#27 Angles 9 – Disappeared Behind the Sun
Genre: Experimental Jazz

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Angles 9 are a nine-strong collective of Scandinavian jazz musicians, and Disappeared Behind the Sun is the most batshit insane jazz music I’ve heard in years. The band have five different brass players who all play at the same time – two sax, one cornet, a trumpet, and a trombone – and they frequently shift in and out of unison. The effect is huge and bombastic, often building to enormous, stomping climaxes that are reminiscent of Coltrane’s Ascension, which is still the pinnacle of experimental noisy jazz fuckery. A simple, groovy rhythm and piano section help keep two feet on the ground.

 

#26 Sufjan Stevens – Carrie & Lowell Live
Genre: Folk, Indie Folk

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Sufjan Steven’s Carrie & Lowell was impressive enough by itself – a confessional record that wrung cathartic beauty from emotional trauma. But Suffy returned for a victory lap in 2017 with Carrie & Lowell Live, which re-imagined the quiet folk songs as lavish stadium fillers. Passages of solo banjo strumming became panoramic synth washes, losing none of their intimacy while quadrupling in size. Few artists could turn something so personal and distressing into something so collectively joyful, and even fewer could top it all off with a cover of ‘Hotline Bling’. Marvellous.

 

#25 James Holden – The Animal Spirits
Genre: Progressive electronic, Techno

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James Holden has a talent for making electronic music with a mystical edge, and The Animal Spirits is perhaps his best record yet. It sounds like techno as played by tiny magical pixies in an enchanted forest, full of twinkling synth melodies, warping keyboards, and raucous saxophones. The album seems to inhabit its own world, and listening to it feels like getting pleasantly lost inside a very strange, unfamiliar place. It has its loud moments, too: tracks like ‘Thunder Moon Gathering’ and ‘Pass Through the Fire’ are very atmospheric but build to big, eye-widening climaxes.

 

#24 Rina Sawayama – RINA EP
Genre: Pop

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Another of the year’s most fascinating new artists, Rina Sawayama is a Japanese London-born singer whose debut EP contained some of the most progressive pop music of 2017. At times it was very futuristic, looking towards trap/alternative R&B, while other moments embraced the sugary-sweet melodies of J-pop or a 2000s-era style of pop that recalled Britney Spears or Christina Aguilera. Rina and producer Clarence Clarity combined all these different styles into a cohesive pop record, and put together some of the catchiest goddamn songs of the year with ‘Ordinary Superstar’ and ‘Alterlife’. The lyrics, meanwhile, were hypermodern: they dealt with romance in the age of technology, and how the internet affects love and relationships in 2017.

 

#23 Ryuichi Sakamoto – async
Genre: Ambient, Neo-Classical

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Japanese pianist Ryuichi Sakamoto has been releasing music for around forty years now, and is something of a legend in experimental music circles. I’ve always found him interesting if a bit impenetrable up until this point, but async is as good an entrance point as any. There are gorgeous, melancholy ambient tunes like the mournful organ of opener ‘andata’, or the dreamy ‘solari’. And then there are strange but alluring songs like ‘walker’, which is nothing but the recorded sound of somebody walking through a forest set to a few plaintive piano chords and the sound of crunching twigs. Taken as a whole the album is somewhat perplexing, but always hypnotically pretty.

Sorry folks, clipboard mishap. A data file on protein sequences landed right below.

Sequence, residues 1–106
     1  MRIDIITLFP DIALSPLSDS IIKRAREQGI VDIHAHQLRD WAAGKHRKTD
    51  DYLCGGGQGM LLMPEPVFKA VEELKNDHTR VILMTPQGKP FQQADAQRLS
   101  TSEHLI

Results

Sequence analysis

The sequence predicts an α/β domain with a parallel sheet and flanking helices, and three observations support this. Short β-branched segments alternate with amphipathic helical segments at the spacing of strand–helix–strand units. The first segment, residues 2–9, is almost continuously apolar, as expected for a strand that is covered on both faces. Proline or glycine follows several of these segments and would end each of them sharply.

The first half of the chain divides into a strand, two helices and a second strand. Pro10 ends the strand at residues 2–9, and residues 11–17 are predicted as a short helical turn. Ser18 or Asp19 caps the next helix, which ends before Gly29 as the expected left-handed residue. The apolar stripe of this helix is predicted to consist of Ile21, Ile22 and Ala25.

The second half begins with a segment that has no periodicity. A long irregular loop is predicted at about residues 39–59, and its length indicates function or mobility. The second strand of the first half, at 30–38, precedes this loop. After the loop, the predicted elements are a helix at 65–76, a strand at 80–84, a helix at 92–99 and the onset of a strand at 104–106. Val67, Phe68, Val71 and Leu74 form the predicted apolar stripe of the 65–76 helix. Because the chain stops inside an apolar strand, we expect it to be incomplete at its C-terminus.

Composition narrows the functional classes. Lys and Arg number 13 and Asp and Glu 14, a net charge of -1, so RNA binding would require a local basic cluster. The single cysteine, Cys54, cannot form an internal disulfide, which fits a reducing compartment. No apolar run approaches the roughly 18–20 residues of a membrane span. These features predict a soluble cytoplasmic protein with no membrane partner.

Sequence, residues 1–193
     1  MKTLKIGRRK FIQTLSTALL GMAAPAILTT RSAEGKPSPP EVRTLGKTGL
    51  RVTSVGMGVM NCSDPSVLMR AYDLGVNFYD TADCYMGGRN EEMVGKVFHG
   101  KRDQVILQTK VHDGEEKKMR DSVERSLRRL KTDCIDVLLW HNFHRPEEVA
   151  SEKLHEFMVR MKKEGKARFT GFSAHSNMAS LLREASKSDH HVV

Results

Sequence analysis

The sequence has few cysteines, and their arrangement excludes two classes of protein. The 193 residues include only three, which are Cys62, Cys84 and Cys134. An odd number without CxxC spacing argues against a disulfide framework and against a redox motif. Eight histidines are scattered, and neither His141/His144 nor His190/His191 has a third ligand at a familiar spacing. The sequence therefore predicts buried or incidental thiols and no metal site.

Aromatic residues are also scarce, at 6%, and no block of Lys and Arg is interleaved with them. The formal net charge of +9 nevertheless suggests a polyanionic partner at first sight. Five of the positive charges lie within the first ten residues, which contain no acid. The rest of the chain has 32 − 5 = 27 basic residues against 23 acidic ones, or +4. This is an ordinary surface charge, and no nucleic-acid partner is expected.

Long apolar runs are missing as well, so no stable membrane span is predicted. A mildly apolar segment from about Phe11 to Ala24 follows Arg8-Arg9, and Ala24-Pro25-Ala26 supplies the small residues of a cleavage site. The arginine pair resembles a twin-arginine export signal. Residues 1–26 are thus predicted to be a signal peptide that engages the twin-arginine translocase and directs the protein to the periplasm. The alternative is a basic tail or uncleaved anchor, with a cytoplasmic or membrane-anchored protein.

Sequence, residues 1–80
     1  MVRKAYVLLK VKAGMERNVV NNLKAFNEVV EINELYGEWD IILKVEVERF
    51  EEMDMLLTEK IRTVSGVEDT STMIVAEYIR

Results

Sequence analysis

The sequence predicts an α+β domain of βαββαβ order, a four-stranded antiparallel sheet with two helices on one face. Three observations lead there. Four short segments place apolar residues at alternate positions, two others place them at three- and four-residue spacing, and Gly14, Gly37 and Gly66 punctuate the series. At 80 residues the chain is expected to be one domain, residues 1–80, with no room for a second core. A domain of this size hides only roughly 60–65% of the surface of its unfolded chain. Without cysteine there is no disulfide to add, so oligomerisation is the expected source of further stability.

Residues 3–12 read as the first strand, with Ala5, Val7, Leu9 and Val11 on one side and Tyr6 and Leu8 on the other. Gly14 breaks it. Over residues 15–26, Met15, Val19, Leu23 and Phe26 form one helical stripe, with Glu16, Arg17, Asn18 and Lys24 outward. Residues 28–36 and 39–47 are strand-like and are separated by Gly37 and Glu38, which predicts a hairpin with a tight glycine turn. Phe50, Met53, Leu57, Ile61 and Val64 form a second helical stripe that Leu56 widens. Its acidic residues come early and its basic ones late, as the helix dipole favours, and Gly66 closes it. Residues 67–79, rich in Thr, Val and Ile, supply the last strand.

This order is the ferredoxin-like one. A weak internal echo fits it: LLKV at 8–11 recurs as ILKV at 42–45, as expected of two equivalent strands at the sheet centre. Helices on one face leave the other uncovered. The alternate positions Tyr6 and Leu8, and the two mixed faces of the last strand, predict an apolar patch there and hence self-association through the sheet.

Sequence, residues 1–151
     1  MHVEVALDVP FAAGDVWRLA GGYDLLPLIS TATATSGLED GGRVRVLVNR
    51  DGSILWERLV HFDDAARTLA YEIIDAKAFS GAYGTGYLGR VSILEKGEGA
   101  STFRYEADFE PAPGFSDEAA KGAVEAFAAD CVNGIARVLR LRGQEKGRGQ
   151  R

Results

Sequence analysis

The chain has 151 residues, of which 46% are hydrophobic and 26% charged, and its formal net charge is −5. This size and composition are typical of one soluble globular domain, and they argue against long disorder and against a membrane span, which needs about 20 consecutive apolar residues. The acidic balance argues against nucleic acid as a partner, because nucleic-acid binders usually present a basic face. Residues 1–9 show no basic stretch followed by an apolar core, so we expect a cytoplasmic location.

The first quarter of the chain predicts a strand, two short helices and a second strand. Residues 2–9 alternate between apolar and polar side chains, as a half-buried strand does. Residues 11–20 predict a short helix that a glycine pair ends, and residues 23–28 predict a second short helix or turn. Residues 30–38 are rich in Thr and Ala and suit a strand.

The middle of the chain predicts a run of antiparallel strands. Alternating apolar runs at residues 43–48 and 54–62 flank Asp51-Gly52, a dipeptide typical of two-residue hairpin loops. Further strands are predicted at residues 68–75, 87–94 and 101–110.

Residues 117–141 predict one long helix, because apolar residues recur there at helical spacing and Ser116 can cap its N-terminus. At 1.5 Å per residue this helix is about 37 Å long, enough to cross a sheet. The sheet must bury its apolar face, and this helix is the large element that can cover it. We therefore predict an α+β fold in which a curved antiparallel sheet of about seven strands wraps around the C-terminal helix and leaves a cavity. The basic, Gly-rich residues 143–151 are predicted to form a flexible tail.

#22 Converge – The Dusk In Us
Genre: Metalcore, Hardcore Punk

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Metalcore veterans Converge returned with another fantastic album in 2017, breathing fresh life into their aggressive fusion of hardcore punk and metal. The Dusk In Us was absolutely savage, moving at faster than light speed with pummelling drums and acrobatic guitar work. Jacob Bannon’s guttural howls were as horrifying as ever, but there were moments of real beauty in between the chaos, where he reflected on marriage and fatherhood: ‘When I held you for the first time, I knew I had to survive…’. The title track, meanwhile, pursued a slower, post-rock inspired sound to wonderful effect, feeling like a moment of immaculate calm inside a furious sonic hurricane.

 

#21 Kamasi Washington – Harmony of Difference EP
Genre: Spiritual Jazz

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Kamasi Washington’s magnificent 2015 album The Epic took me some time to appreciate, simply by virtue of being three discs and three hours long. But on Harmony of Difference, Washington condensed his plentiful jazz talents down into one thirty minute EP, which is much more digestible. The record offers up several takes on the same fantastic theme, taking a brief detour through Latin jazz, before arriving at the magnificent ‘Truth’, a 13-minute mini epic that sits among the year’s best tracks. As the choral vocals swell behind Washington’s colossal saxophone and the drums reach a thunderous climax, it’s hard not to feel like you’re being carried off to heaven on the wings of angels. Awesome, in the trust sense of the word.